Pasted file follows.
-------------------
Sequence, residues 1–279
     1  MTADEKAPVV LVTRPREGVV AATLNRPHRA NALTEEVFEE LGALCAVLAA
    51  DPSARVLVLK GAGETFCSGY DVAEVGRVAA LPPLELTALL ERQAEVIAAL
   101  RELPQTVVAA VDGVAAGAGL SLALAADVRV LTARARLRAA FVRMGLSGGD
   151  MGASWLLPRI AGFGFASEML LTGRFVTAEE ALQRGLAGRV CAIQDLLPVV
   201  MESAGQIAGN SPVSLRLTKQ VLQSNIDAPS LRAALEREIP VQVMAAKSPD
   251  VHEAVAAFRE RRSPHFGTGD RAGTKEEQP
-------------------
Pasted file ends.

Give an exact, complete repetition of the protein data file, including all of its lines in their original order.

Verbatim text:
Sequence, residues 1–279
     1  MTADEKAPVV LVTRPREGVV AATLNRPHRA NALTEEVFEE LGALCAVLAA
    51  DPSARVLVLK GAGETFCSGY DVAEVGRVAA LPPLELTALL ERQAEVIAAL
   101  RELPQTVVAA VDGVAAGAGL SLALAADVRV LTARARLRAA FVRMGLSGGD
   151  MGASWLLPRI AGFGFASEML LTGRFVTAEE ALQRGLAGRV CAIQDLLPVV
   201  MESAGQIAGN SPVSLRLTKQ VLQSNIDAPS LRAALEREIP VQVMAAKSPD
   251  VHEAVAAFRE RRSPHFGTGD RAGTKEEQP